Since the outbreak of the pandemic, supply chain disruptions and shipping delays have posed a significant challenge to the global economy. Factory shutdowns in China in early 2020, lockdowns in various nations across the globe, labor shortages, strong demand for tradable commodities, disruptions in logistics networks, and capacity limits have resulted in significant increases in freight prices and delivery delays.
The current steep decline in the delivery times shows either increased demand or widespread supply restrictions or a combination of the two. During such periods, suppliers often have increased pricing power, resulting in a price increase. Furthermore, supply chain disruptions may restrict the availability of intermediate items, hindering production and output growth when paired with labor shortages.
Once the number of COVID-19 cases begins or continues to fall, capacity limitations and employee shortages should improve, relieving some of the burdens on supply chains and delivery timeframes. However, other analysts fear that supply chain interruptions will not be resolved quickly.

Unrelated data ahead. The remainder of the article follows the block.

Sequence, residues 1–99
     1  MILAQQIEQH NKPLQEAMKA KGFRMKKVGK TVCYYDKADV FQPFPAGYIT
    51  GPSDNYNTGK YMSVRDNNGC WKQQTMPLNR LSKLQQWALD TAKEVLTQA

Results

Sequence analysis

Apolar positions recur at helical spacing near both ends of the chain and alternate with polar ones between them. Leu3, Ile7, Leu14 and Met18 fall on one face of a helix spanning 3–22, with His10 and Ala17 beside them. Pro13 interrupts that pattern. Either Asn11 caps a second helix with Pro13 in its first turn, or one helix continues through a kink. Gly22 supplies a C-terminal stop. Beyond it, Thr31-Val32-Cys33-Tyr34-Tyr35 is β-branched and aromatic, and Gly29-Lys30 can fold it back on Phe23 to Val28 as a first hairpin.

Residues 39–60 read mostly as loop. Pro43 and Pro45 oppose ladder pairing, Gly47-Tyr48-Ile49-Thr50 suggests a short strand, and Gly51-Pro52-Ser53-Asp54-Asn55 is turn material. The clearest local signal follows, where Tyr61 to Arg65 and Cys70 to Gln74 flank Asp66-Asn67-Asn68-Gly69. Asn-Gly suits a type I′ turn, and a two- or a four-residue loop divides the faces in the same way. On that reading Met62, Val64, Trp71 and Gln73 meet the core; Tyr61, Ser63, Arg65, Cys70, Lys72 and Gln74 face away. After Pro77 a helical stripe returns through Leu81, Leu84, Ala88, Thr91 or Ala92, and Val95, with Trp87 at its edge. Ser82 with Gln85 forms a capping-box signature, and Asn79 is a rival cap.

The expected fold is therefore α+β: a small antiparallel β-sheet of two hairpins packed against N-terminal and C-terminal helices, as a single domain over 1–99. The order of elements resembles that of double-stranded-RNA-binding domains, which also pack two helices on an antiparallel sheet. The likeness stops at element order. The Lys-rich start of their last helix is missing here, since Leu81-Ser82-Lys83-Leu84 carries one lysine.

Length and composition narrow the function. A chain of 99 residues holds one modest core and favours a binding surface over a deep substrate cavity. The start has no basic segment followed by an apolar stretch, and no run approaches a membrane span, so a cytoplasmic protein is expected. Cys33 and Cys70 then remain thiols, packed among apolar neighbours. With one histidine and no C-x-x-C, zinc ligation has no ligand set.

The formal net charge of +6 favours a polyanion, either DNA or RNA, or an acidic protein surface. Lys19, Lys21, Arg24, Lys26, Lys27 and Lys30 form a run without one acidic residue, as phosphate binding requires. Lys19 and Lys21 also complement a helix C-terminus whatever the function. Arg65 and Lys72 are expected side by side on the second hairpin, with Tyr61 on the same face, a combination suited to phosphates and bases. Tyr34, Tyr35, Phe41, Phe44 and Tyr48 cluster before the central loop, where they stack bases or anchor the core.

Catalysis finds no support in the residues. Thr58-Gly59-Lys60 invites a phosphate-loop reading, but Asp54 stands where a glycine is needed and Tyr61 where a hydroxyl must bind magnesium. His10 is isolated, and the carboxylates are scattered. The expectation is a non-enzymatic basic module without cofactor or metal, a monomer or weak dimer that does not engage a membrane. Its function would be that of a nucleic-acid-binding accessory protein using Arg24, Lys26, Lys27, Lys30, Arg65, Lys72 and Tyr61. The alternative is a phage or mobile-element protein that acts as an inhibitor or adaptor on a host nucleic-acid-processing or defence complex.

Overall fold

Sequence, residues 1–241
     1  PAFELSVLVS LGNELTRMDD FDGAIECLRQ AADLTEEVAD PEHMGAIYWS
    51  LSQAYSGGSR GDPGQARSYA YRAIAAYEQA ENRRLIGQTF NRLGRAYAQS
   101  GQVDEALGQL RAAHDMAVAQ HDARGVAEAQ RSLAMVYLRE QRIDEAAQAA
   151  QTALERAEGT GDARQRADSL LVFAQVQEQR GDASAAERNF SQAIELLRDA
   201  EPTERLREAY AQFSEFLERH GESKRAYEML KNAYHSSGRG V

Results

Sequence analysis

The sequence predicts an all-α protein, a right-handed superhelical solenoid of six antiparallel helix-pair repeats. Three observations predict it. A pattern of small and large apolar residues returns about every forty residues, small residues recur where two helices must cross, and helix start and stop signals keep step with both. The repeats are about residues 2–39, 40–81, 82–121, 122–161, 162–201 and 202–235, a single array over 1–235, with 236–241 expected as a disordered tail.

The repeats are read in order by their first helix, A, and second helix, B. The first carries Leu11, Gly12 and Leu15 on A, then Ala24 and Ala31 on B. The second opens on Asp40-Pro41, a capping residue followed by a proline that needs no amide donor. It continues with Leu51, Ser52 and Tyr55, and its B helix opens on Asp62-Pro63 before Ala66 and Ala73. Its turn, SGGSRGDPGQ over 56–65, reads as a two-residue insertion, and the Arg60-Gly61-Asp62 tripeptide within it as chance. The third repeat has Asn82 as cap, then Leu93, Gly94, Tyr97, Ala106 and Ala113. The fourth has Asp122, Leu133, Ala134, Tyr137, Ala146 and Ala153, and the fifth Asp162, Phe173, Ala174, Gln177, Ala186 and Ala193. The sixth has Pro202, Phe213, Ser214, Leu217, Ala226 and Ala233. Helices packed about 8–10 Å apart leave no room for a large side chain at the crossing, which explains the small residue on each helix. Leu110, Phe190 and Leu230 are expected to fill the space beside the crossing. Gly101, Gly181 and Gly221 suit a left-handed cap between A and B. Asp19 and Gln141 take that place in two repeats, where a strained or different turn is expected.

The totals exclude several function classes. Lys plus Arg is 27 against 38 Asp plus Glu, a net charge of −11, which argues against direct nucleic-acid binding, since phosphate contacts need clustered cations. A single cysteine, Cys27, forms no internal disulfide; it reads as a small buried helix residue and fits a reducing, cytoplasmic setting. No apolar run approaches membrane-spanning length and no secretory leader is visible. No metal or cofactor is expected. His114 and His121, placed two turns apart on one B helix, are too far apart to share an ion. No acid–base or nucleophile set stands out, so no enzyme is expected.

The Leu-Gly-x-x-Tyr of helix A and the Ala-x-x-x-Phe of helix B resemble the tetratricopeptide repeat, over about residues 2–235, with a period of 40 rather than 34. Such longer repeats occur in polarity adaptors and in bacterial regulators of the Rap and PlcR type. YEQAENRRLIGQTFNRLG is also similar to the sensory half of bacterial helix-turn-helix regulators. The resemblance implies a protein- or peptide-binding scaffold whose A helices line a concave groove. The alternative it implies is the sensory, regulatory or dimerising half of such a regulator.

Global Supply Chain
When individuals discuss the global supply chain, they typically mean worldwide intermodal shipping. Products are loaded into intermodal containers, which may then be loaded into cargo ships for international travel, railroads for domestic shipment, and vehicles for first- and last-mile delivery.
While intermodal containers may transit effortlessly across transportation modes, several parties are responsible for their management. The following are the different linkages in the global supply chain:
Beneficial cargo owners (BCOs) are the owners of the items contained inside a container.
Ocean carriers are the corporations that run ships that transport containers throughout the world.
Shipping Ports are the locations where cargo is unloaded from ships.
Railroads are the businesses that offer inland container freight, typically over greater distances.